A traditional Greek Moussaka recipe needs a luscious bechamel sauce. However this is also the trickiest part to get right! So how to make it the right way? Its all about having the right thickness, whisking constantly, enriching it with eggs and cheese and adding just the right amount of salt!
Moussaka needs a thick and creamy bechamel. A thin béchamel sauce will soak through the meat sauce and won’t give you that creamy thick layer that Moussaka is known for! So when preparing your bechamel make sure you cook it long enough, until its consistency resembles a thick custard.
Its time to prepare the base sauce. Start by first melting your butter on high heat. Then add all of the flour, whisk it until the butter is fully absorbed into the flour and let it cook for a couple of minutes. Turn down the heat to medium and add the milk a little bit at a time. Wait for the milk to absorb and then add some more until you’ve used all the milk in the recipe.
You’ll need to be constantly whisking while you’re adding the milk. Cooking your béchamel sauce while whisking over a low heat will prevent it from burning and sticking to the bottom of your pan.
Tip: I always use a hand mixer with the whisk attachment to help me with whisking as I find it quite tiring to do it all by hand! Your béchamel sauce is ready when it has thickened and resembles a custard, like the picture below.
Now its time to season the béchamel! Remove the pan from the stove and add the cheese, the nutmeg and two teaspoons of salt. Whisk them in, taste your bechamel and add one more teaspoon of salt if it still tastes bland. I find it amazing how a little bit of salt can really lift the flavour of your béchamel!
Finally add your egg yolks and quickly whisk so the eggs fully incorporate in the mixture. When your Moussaka is baking they will thicken your béchamel and give you a more distinct and creamy layer over your aubergines!
Assemble your Traditional Greek Moussaka!
Now that your vegetables, your béchamel and your meat sauce are ready its time to assemble your dish! I always opt for the deepest baking dish I have to make sure I can use all of my meat sauce and béchamel without fear that it won’t fit and spill over! For my recipe below a 20x30cm/8x12inch and 8cm/3 inch deep baking dish is ideal.
Start by layering your potatoes at the bottom of your baking dish. Then split your aubergines in two lots – you’ll need the first lot to layer over the potatoes and the second lot over the meat sauce. Spread the first layer of aubergines over your potatoes. If you have too few aubergines space them out a bit. If you have too many, overlap them a bit so they all fit!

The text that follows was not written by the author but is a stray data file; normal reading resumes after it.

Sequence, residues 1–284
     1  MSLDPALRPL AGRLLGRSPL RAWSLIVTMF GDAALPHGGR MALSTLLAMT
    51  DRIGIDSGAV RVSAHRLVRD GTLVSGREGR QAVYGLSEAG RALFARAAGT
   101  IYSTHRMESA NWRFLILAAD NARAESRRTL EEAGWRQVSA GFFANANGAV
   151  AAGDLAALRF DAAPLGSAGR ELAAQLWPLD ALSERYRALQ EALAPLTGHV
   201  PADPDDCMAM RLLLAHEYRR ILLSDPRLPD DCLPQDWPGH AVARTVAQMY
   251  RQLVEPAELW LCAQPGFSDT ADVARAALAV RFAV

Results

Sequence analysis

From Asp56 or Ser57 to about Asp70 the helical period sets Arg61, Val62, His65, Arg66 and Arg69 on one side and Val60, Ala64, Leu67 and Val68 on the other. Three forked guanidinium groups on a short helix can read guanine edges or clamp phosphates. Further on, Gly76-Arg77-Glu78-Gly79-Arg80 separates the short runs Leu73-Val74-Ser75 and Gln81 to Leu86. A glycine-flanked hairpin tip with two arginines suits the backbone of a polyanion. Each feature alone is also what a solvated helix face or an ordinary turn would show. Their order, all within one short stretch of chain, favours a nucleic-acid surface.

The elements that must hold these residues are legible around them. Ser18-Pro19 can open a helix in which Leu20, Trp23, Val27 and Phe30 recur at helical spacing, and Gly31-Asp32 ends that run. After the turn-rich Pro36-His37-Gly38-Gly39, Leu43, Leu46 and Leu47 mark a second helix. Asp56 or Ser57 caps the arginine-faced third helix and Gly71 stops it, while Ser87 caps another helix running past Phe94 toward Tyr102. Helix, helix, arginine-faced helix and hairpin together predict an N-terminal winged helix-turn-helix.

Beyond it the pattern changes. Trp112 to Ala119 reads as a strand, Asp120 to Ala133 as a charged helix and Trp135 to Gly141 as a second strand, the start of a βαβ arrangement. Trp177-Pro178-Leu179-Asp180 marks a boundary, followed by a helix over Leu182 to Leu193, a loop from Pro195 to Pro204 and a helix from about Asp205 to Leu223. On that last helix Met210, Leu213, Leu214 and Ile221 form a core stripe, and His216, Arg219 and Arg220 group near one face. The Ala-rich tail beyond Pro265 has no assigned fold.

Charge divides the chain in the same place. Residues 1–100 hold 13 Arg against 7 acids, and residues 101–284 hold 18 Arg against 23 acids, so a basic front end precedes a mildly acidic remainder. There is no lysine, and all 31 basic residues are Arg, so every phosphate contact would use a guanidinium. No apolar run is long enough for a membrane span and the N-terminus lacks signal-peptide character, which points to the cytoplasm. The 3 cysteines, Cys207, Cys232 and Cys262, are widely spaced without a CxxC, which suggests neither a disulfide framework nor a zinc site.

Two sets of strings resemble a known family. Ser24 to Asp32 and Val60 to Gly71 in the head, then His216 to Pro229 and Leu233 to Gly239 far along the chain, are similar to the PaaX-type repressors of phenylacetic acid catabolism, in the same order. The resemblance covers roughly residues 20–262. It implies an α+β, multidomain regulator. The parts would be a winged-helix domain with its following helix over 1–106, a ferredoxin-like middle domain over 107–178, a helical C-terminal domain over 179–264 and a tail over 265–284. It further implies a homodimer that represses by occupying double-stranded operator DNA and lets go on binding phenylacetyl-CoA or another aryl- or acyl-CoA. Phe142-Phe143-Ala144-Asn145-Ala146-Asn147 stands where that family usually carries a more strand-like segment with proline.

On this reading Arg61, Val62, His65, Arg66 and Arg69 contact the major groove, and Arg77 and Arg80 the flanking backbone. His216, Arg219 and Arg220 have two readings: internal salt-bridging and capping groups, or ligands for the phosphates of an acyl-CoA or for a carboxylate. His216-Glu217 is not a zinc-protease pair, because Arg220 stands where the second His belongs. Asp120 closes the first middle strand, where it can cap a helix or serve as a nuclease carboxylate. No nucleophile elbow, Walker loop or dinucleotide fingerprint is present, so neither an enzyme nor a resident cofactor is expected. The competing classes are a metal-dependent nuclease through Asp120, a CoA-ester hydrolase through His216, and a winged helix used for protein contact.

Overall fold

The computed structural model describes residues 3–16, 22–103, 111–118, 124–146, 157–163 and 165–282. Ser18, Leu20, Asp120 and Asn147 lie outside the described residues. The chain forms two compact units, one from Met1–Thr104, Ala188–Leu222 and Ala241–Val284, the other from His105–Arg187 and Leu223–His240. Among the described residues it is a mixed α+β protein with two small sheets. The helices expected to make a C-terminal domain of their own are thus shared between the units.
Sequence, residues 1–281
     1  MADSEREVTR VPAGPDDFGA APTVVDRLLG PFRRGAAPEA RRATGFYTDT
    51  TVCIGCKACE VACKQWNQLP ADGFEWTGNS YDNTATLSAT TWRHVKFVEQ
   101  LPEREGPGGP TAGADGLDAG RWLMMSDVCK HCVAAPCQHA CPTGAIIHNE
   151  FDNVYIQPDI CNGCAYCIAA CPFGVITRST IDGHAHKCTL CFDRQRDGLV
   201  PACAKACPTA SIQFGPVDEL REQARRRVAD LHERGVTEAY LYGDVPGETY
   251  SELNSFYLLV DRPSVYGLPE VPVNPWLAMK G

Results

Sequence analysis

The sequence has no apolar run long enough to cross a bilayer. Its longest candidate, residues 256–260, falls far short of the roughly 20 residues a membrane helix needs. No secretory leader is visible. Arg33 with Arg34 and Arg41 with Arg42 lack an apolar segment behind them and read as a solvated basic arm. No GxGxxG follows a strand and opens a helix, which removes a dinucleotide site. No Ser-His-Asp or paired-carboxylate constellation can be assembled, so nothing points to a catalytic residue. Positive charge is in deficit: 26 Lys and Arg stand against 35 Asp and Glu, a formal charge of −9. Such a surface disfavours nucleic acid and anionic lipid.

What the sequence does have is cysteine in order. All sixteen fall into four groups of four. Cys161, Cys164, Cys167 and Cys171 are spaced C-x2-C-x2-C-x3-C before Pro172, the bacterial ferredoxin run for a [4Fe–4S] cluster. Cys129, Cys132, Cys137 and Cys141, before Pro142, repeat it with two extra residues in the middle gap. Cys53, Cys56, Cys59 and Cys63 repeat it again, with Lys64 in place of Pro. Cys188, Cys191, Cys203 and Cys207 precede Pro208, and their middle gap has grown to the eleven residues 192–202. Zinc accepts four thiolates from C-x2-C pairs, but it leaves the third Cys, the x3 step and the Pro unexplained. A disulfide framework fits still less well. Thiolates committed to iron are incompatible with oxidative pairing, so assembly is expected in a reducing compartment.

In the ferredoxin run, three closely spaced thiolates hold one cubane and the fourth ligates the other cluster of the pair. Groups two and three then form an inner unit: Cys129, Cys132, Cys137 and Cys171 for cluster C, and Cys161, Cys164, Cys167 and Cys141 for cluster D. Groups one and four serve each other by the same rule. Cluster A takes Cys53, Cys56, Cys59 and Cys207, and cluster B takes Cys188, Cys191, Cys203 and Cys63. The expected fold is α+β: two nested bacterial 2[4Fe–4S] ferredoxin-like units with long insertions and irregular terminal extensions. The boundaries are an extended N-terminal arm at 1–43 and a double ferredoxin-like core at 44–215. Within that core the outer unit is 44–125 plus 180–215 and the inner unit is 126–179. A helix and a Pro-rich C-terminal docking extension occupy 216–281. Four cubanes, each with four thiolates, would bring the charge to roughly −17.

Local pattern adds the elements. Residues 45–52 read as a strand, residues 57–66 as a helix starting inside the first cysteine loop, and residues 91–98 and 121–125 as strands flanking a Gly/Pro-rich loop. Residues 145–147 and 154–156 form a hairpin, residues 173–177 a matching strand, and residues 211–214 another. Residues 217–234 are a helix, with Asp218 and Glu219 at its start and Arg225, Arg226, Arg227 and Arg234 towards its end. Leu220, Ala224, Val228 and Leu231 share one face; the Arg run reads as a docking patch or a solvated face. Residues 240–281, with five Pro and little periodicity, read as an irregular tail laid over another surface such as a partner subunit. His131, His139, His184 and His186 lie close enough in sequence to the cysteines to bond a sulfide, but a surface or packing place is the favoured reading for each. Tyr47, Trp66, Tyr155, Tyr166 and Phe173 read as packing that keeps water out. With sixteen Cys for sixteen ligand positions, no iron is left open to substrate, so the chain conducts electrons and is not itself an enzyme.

Now its time to add your meat sauce. Using a large ladle or spoon, pour the meat sauce over your aubergines and spread it out evenly. Then add your second aubergine layer. Finally using a large ladle add the béchamel and spread it out evenly, making sure your whole moussaka is covered!
Finally sprinkle a bit of grated cheese on top. When you bake your moussaka the cheese will melt and give it a delicious golden brown color! Your traditional Greek Moussaka is now ready to bake!
Preparing Moussaka in advance
There are two ways to prepare your Moussaka in advance. Which one you choose will depend on how many days later you would like to serve it. If you would like to prepare your moussaka a day in advance, go ahead and bake it, let it cool down, wrap it in cling film and store in the fridge. When you want to serve it, just pop it in the oven for 30 minutes at 150C / 300F to reheat.
If you would like to serve your moussaka more than a couple of days in the future, prepare all the ingredients, assemble it, wrap it with cling film and store it in the freezer uncooked. It will keep for 2-3 months and be just as fresh when baked and served! To serve it, heat up your oven to 180C/350F and bake it for about 1 hour 30 minutes, until its cooked through.
If you just have some leftovers that you’d like to keep for more than a couple of days, cut them up in individual portions and store them in airtight containers in the freezer. To serve them, pop them in the oven for about 45 minutes at 150C/300F until they have defrosted and heated up throughout.
Tip: You can use a kitchen knife to check if your Moussaka has defrosted. Poke the center of your piece/tray with your knife, pick some of the meat sauce and check if it is piping hot.
What goes well with it?
Love eggplants? Take a look at my favourite stuffed eggplants with mince (papoutsakia), my delicious eggplant dip, panfried battered eggplants and tagliatelle with eggplants and feta cheese recipes which I’m sure you’ll love as well!
Love that creamy béchamel? If you love moussaka, then I am sure you will fall in love with the traditional pastitsio, the greek version of Lasagna!